Living in the Zone: Jeff Vandermeer on Weird Fiction, the Environment, and Human Stupidity
by DAVID MORRIS
Florida has always had its handful of heavy-hitters in the book world, from Zora Neale Hurston to Carl Hiaasen. In the last few years, a new Floridian star has ascended to similar heights – Tallahassee-based Jeff Vandermeer, whose 2014 Southern Reach trilogy garnered praise from no less a giant than Stephen King, and saw him compared to titans like Kafka and Thoreau.
The Southern Reach trilogy, like many of Vandermeer’s previous works, is deeply preoccupied with humans’ relationship to the natural world. In fact, Vandermeer has said that the trilogy’s main setting, Area X, is partly inspired by the landscape of northern Florida. So we thought it only fair to corner Vandermeer for a few questions about literature and the environment.
The following email exchange has been lightly edited for formatting and flow.
David Z. Morris: What do you see as the role of science fiction when it comes to the question of the environment in particular? Not too long ago, sci-fi was about helping us imagine the limitless possibilities of the future, but things seem quite different now.
Jeff Vandermeer: Some science fiction was pretty unthinking about those limitless possibilities, promoting a message of colonizing other worlds without much thought about issues like Manifest Destiny or whether we would even recognize an intelligent alien species on another world or not. It just kind of went along with the narrative that we deserve to expand into the universe, along with fairytales about post-scarcity technology that has no environmental consequences. So I’d push back against the idea that those possibilities were realistic in some cases.
What’s happening now is that our science-fictional future has become the present, in terms of climate change and related issues. So we’re grappling with the hard truth that we have to re-evaluate what we even mean by dystopia and utopia. And we have to do it in a post-fact context, where we spend a lot time just trying to parse what reality is.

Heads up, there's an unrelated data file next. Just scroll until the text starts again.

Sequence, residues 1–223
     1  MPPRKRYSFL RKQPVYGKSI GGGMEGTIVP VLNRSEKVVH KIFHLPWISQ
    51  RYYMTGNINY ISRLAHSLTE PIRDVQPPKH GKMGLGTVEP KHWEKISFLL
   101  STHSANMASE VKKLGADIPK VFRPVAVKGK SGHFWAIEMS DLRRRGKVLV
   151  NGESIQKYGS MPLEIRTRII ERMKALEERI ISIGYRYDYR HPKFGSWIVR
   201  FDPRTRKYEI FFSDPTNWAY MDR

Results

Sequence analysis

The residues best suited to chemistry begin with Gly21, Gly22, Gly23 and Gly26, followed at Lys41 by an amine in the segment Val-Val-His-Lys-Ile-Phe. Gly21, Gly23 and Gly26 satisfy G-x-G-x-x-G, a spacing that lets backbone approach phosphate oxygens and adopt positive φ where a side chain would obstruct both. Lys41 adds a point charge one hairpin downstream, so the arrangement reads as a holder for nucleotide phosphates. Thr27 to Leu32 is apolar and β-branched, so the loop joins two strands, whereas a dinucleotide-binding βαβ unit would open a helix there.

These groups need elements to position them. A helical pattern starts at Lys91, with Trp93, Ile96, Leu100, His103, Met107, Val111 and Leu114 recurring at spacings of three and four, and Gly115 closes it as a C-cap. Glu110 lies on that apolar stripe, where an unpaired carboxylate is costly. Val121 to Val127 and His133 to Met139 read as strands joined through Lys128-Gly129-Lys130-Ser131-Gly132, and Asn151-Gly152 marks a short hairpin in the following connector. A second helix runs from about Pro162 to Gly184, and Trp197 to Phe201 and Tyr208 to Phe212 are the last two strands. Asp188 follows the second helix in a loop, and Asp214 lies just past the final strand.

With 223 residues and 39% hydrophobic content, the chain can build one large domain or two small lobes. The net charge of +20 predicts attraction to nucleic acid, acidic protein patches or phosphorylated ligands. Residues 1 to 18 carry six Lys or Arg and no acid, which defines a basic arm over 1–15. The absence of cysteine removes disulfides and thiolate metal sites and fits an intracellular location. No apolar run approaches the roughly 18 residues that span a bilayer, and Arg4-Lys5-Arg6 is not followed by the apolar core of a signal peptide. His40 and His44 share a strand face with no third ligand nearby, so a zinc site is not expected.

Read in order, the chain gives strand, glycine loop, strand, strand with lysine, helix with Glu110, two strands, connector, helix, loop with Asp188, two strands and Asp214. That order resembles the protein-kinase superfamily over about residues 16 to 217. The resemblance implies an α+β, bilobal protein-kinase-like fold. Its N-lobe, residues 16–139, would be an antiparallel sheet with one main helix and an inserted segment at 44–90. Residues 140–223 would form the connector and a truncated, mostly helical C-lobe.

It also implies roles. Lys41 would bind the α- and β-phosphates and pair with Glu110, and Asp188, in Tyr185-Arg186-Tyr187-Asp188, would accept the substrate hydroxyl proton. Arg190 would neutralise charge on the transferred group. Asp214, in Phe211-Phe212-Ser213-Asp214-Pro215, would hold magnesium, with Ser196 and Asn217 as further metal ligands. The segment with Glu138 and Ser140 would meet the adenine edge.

DZM: You’ve managed the amazing feat of carrying weird fiction back into the ranks of ‘respectable literature,’ at a time when literary fiction has become a pretty staid and predictable genre. Do you think the weird has particular resonances in our time?
JV: Writers like Thomas Ligotti and Caitlin R. Kiernan have done a lot of that hard work, but in general weird fiction has in the past, through folks like Kafka, had a good pedigree. But I do think the fact the weird can’t be commodified, and often is about a search for beauty or horror beyond human understanding—that it presupposes we can’t know everything about the world—makes it useful in our current context, where we have huge problems that manifest in almost uncanny ways. Also, I love literary fiction and I think there’s plenty of it that grapples with these issues, too.
DZM: You’ve written about two externally-caused disasters, in Finch and The Southern Reach. But in your newest novel, Borne, humanity has clearly caused its own downfall. Was that a conscious shift? And how does it change the stakes, artistically or otherwise? [Editor’s Note: Read our review of Borne here.]
JV: The Southern Reach kind of documents the same thing, even though Area X creates the collision course. Having seen what passes for logic in government agencies and in human institutions, something we’re seeing even now in terms of Houston’s zoning laws and disdain for environmental protection contributing to human misery. Case in point here in Florida, too: our Governor won’t even let his staff use the terms climate change or global warming. This is the height of stupidity and a contributing factor to our problems.
Borne just charts the aftermath of that and explores how we can still try to have a meaningful life. Too many post-apocalyptic scenarios simplistically show, say, right wing militias ruling a very harsh monolithic social and political landscape. The reality would be more complex, and as we see with people displaced by climate change today, acts of loving-kindness exist in those circumstances and are even more important than when things are going well.
DZM: Finally, what advice would you have for writers or other creatives living outside of big cultural centers like New York or L.A.? In particular, how did you connect with other folks with similar goals as you grew your career?
JV: I think the internet makes creative liaisons possible at long distances. You don’t really have to live in New York or Los Angeles to have a vibrant career and vibrant collaboration.
I’ve always been a bit of a loner, so, really, correspondence is enough for me, and I’ve put together several projects involving people on four or five continents just through email.
We’re glad Vandermeer was able to take time to answer some questions amidst a really busy schedule – he was off to Toronto just after this exchange. He’s probably about to get a lot more busy, thanks to the forthcoming release of a film adaptation of Annihilation. Due out in early 2018, it stars Natalie Portman and Oscar Isaac, and is directed by Alex Garland. Garland is a novelist-turned-screenwriter-turned-director who most recently helmed 2015’s Ex Machina, another thinky bit of SF, so it seems likely to be solid.